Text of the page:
Jimmy’s voice suddenly had a guilty edge to it. “Was it a large metal bin?”

“Yes, why?” his question was nasally and snide.

“It’s just that the fire could have been my fault.” Jimmy was talking quickly now and with a tone that sounded like guilty embarrassment... “I thought the white chemical in the bottom was fertiliser, so I dumped our left overs into it... but now it seems pretty obvious to me it was a cleaning chemical.”

            Shelley stared at him. The sheer brazen audacity of the story; the bumbling character that Jimmy conveyed, seemed to have convinced him.

He gave Jimmy a withering glare. “You silly fool! You could have killed us all.” He grasped Jimmy’s shirt with both hands and pulled it tight around the neck, just like in a gangster movie. He shoved Jimmy against the bulkhead.

“I’m sorry...” was Jimmy’s muted reply.

“Sorry!” Shelley was aghast. Turning to the infantryman nearby, he mimicked, “He’s sorry.” Shelley tried to storm off to display his disdain for this obvious simpleton, but in the weightless conditions he was stymied by the slack netting on which he attempted to gain a grip to impel him back to the control room.

“He’s sorry,” was the parting disbelieving retort as he disappeared out of view.

            Steve snickered nervously. His lips were swollen and stung as he grinned. “Ahhh” he grasped protectively at his damaged mouth. He smeared the annoying ticklish dribble of blood on his chin.

“Are you okay?” Jimmy hovered near, concern on his face.

“It only hurts when I laugh,” he grimaced, “Boy I’m sure glad you have a fertile imagination.” Steve grinned again painfully.

“Don’t you mean ‘fertiliser’ imagination?” he chuckled to his own immense entertainment.

“Oh, stop, this is killing my mouth,” moaned Steve, trying to prevent a smile breaking out across his face.

            Just then two shapes appeared at the end of the tunnel like corridor. And the two comical conspirators fell silent. There was no need however, as it turned out to be Jodie and Kelly making their way back to the bunks.

“You two have really stirred up a hornets nest,” Kelly started as she drew near. “Shelley was ranting and raving to increase security in all the key areas. You guys are going to be under strict surveillance from now on. What did you do?” As Steve looked up to reply Jodie choked off a cry. “Are you okay? What happened?” she was already dabbing his face with a tissue she had pulled from a dispenser. Steve had been unaware that his blood smeared face looked like he’d been through a meat grinder.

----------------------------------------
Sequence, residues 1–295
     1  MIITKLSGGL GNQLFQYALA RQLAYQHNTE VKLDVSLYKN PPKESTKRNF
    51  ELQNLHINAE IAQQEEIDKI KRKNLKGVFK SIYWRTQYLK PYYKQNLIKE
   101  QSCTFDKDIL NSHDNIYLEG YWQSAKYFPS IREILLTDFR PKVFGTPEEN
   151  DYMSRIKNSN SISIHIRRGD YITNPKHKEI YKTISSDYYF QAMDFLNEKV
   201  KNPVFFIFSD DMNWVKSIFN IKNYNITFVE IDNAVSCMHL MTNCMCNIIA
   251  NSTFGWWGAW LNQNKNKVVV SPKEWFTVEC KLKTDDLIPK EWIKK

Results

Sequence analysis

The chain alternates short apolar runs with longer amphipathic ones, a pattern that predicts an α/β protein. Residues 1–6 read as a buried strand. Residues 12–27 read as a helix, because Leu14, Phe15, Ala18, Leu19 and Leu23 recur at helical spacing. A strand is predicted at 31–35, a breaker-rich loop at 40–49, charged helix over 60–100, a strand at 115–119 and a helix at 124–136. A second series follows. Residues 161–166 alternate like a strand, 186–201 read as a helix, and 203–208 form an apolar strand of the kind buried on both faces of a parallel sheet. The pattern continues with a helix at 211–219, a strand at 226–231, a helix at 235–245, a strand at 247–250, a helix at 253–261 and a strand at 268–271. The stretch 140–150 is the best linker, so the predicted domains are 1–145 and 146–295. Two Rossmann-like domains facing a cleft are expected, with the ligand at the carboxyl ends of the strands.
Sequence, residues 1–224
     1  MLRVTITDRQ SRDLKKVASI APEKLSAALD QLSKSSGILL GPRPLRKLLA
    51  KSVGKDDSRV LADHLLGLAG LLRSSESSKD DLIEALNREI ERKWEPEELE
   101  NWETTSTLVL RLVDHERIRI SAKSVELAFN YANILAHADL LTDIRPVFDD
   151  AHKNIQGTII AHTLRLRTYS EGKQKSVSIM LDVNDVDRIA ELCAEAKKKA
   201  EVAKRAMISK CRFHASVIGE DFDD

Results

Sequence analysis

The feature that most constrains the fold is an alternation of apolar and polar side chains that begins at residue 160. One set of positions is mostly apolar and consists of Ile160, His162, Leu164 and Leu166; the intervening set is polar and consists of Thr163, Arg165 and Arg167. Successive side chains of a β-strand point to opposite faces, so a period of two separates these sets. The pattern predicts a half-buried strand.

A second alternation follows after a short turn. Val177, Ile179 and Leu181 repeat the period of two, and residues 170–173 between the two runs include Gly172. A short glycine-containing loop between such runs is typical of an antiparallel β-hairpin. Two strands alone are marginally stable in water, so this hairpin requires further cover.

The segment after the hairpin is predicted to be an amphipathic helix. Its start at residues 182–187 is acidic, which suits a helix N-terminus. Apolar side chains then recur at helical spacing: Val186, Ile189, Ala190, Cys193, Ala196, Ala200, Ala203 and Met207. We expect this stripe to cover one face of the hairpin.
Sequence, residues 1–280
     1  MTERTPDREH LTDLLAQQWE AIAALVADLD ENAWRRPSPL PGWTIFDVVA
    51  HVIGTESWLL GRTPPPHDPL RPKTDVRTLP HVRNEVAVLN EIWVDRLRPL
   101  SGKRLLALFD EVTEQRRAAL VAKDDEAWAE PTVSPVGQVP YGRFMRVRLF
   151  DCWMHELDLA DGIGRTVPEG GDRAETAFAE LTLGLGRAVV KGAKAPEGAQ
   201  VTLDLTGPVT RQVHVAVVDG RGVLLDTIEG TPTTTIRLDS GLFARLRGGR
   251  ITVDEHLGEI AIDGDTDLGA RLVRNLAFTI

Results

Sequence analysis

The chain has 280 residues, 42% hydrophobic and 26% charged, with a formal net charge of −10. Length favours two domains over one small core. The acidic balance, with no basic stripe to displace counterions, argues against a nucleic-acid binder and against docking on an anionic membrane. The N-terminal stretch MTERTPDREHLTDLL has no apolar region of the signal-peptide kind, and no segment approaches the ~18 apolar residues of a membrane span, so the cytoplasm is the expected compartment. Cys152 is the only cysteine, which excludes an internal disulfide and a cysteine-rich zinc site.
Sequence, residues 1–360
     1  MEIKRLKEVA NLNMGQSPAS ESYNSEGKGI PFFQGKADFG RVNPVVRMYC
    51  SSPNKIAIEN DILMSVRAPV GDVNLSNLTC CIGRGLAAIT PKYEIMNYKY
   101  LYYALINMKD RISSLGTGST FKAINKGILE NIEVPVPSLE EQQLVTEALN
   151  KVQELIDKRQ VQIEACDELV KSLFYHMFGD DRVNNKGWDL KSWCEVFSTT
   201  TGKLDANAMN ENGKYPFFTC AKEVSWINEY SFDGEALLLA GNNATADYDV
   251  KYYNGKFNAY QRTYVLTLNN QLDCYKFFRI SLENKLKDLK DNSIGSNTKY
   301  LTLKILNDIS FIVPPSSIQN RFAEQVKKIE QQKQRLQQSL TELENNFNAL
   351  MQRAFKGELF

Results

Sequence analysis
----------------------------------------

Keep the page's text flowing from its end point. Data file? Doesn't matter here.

Jimmy was explaining that Steve had been beaten up because they somehow suspected he was in some way responsible for an ‘accidental’ fire in the compartment they had been working in. Steve assumed the explanation was for the benefit of any guards that might be eavesdropping. Although he pictured Jimmy winking and hamming up his confession, he didn’t care much about what Jimmy was saying. Rather, he luxuriated in Jodie’s gentle touch and soft admonishment that they needed him to be less adventurous.

“What are we going to do with you? She whispered as she stroked his fringe off his forehead. He went to reply, but winced at the movement of his lips.

“Shh...” Jodie commanded affectionately placing a finger on his tender lips. “Don’t answer, you’re a hopeless case.” He opened his eyes to meet hers. Moisture welled up in them, almost as if Jodie suddenly confronted the idea that she may have left it too late to reveal her feelings.

            The moment was shattered by a short alarm, followed by a metallic, monotone message; “Orienting for final stage of traverse will commence in one minute. Please secure the ship.” There was a quiet flurry of activity before the slight nudge from the side thrusters completed the realignment of the crafts position. “Deceleration will commence in one hour.” The computerised voice again signalled a series of checks and the removal of any eating or drinking implements.

            All personnel were advised five minutes beforehand to strap into their seats for the rocket firing. Steve, Jimmy, Jodie and Kelly were escorted back to their seats but this time their minders dispensed with the use of handcuffs. One of them, O’Grady, whispered with a quiet stare, “Apparently someone turned off the lights in the storage compartment.” Steve returned the stare unflinching. Did he notice a tiny, momentary half smile? Waiting for the retro ignition he had the lingering thought of a possible ally.


At precisely the scheduled moment the whining of the energy beam began. It felt as if they were blasting ever faster back into the distance they had already crossed, but in truth they were just slowing from their substantial velocity so that they could be captured by the moon’s comparatively weak gravity.